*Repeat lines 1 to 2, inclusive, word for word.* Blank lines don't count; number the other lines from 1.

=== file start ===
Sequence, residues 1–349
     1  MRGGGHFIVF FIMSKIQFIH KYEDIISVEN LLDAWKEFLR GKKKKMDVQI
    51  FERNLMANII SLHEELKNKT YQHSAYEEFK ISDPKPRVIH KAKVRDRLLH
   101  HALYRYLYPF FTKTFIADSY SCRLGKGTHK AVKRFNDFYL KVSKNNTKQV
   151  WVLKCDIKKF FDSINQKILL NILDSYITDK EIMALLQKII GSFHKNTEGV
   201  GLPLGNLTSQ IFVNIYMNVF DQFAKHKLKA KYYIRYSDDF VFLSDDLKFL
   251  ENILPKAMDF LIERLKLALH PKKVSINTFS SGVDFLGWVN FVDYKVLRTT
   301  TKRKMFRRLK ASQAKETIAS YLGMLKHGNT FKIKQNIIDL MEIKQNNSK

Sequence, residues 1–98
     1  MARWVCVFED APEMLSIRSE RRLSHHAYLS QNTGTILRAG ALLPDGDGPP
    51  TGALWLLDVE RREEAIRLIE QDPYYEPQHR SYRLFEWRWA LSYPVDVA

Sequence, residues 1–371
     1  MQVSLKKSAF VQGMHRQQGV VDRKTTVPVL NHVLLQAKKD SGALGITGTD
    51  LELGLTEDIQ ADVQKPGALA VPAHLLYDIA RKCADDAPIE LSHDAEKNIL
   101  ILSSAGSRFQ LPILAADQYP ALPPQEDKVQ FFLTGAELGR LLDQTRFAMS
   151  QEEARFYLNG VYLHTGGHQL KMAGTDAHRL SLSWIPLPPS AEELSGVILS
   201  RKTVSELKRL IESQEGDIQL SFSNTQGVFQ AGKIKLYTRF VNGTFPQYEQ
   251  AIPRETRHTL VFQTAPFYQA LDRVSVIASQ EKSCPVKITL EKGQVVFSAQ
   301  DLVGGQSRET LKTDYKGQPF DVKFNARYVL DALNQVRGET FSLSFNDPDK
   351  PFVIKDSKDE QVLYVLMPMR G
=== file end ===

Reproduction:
Sequence, residues 1–349
     1  MRGGGHFIVF FIMSKIQFIH KYEDIISVEN LLDAWKEFLR GKKKKMDVQI